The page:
School leaders from across Mississippi are in Meridian this week to discuss what to do about under-performing schools. Interim state superintendent John Jordan is among them.
For Mississippi schools, the former Statewide Accountability Rating System will soon be completely replaced.
"We used to have that old rating system where five was the best school district and one was the poor performing school district," said Jordan.
Under the new system, levels are non-existent. Schools and districts will start with a blank slate. They will then earn classifications reflecting their performances.
"We now have a system, that's a 7-step system, that goes from a star school to a failing school and various ranks in between that," said Jordan.
The old rating system used to just rank school districts. Once November rolls around shedding light on the new system, individual schools, as well as entire school districts, will be ranked.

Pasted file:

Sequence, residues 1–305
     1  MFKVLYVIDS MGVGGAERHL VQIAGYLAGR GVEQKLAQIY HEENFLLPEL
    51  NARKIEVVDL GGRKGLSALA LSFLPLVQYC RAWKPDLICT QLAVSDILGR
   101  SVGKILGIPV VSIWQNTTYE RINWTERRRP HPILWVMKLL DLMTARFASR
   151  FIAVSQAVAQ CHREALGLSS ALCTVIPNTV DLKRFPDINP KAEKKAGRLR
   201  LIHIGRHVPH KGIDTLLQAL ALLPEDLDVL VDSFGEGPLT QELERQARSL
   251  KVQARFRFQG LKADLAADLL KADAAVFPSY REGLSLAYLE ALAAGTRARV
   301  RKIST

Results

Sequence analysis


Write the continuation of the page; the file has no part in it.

"But the key point of that is that we are now rating individual schools in the state of Mississippi on a system that we think is very easy to explain and understand by the community," said Jordan.
Jordan said the new rating system was developed because education leaders found that some low-performing schools were a part of a level five school district. He also said it the new system should instill competition among the schools.
"We also see it as a means of competition," said Jordan. "We have to instill competition in public schools in the state of Mississippi. The whole system that we work on in our great country is based on competition and schools should compete as well."
Those who developed the new statewide accountability rating system said it will allow Mississippi schools to see how they compare to other schools across the country.
The state department of education oversees 152 school districts. That includes more than a thousand schools and half a million students.